It is found that when the concrete is subjected to higher temperatures it accelerates the hydration process and results in faster development of strength.
However, the concrete cannot be subjected to dry heat because the presence of moisture is also an essential requisite for the hydration process.
In that case, steam curing can be adopted so that both temperature and wetness can be achieved simultaneously.
Oftentimes, steam curing can be adopted only for precast elements because the application of steam on the cast in situ concrete can be difficult.
A steam-curving cycle consists of:
- an initial delay before steaming,
- a period for increasing the temperature,
- a period for retaining the temperature,
- a period for decreasing the temperature.
4) Application of curing compounds
We can also be able to cure the concrete by applying some curing compounds on the surface to keep the concrete wet.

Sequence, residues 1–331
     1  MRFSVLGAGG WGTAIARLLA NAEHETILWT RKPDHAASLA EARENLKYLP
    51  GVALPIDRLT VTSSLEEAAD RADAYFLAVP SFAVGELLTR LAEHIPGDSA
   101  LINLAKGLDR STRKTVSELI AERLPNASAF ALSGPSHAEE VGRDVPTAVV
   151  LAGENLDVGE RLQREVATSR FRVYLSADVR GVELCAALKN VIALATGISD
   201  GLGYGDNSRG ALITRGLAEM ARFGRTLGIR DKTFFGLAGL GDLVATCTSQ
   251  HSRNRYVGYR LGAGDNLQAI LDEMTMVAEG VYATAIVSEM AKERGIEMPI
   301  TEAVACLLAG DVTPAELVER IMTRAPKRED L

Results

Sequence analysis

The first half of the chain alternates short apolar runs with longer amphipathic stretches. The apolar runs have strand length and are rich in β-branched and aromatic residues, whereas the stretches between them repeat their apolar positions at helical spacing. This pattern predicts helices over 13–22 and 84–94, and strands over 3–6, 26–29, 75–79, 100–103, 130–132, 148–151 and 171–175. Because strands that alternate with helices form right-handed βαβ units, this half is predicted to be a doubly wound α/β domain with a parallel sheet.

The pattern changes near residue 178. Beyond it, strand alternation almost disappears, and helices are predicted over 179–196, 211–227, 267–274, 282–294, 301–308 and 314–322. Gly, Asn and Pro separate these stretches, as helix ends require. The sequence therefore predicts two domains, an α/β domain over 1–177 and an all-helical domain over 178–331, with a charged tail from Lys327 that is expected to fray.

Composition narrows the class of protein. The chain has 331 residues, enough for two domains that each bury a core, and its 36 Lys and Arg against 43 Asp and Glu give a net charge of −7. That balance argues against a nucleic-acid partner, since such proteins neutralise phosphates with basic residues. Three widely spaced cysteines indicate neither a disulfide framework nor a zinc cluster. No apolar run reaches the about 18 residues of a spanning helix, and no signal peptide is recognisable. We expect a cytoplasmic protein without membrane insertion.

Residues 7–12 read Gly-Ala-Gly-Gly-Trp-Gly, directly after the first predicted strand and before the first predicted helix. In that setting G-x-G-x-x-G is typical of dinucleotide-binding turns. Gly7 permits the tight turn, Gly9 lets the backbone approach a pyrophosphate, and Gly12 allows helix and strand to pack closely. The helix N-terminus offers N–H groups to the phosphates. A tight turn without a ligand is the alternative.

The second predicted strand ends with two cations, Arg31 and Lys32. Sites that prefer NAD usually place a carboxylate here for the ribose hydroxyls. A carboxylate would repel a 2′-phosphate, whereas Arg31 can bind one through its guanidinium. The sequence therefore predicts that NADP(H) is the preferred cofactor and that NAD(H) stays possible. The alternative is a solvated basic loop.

Calcium chloride is used as a surface-curing compound in concrete. It is based on the fact that calcium chloride being a salt, shows a greater affinity for moisture.
It not only absorbs moisture from the atmosphere but also retains it at the surface. This moisture held at the concrete surface prevents the mixing water from evaporation and thereby keeps the concrete wet for a long time to promote hydration.
There are also several miscellaneous methods available to cure the concrete such as electrical curing, curing by Infrared radiation, etc. However, these methods did not help as much in the field when compared to the above methods.
Advantages of curing concrete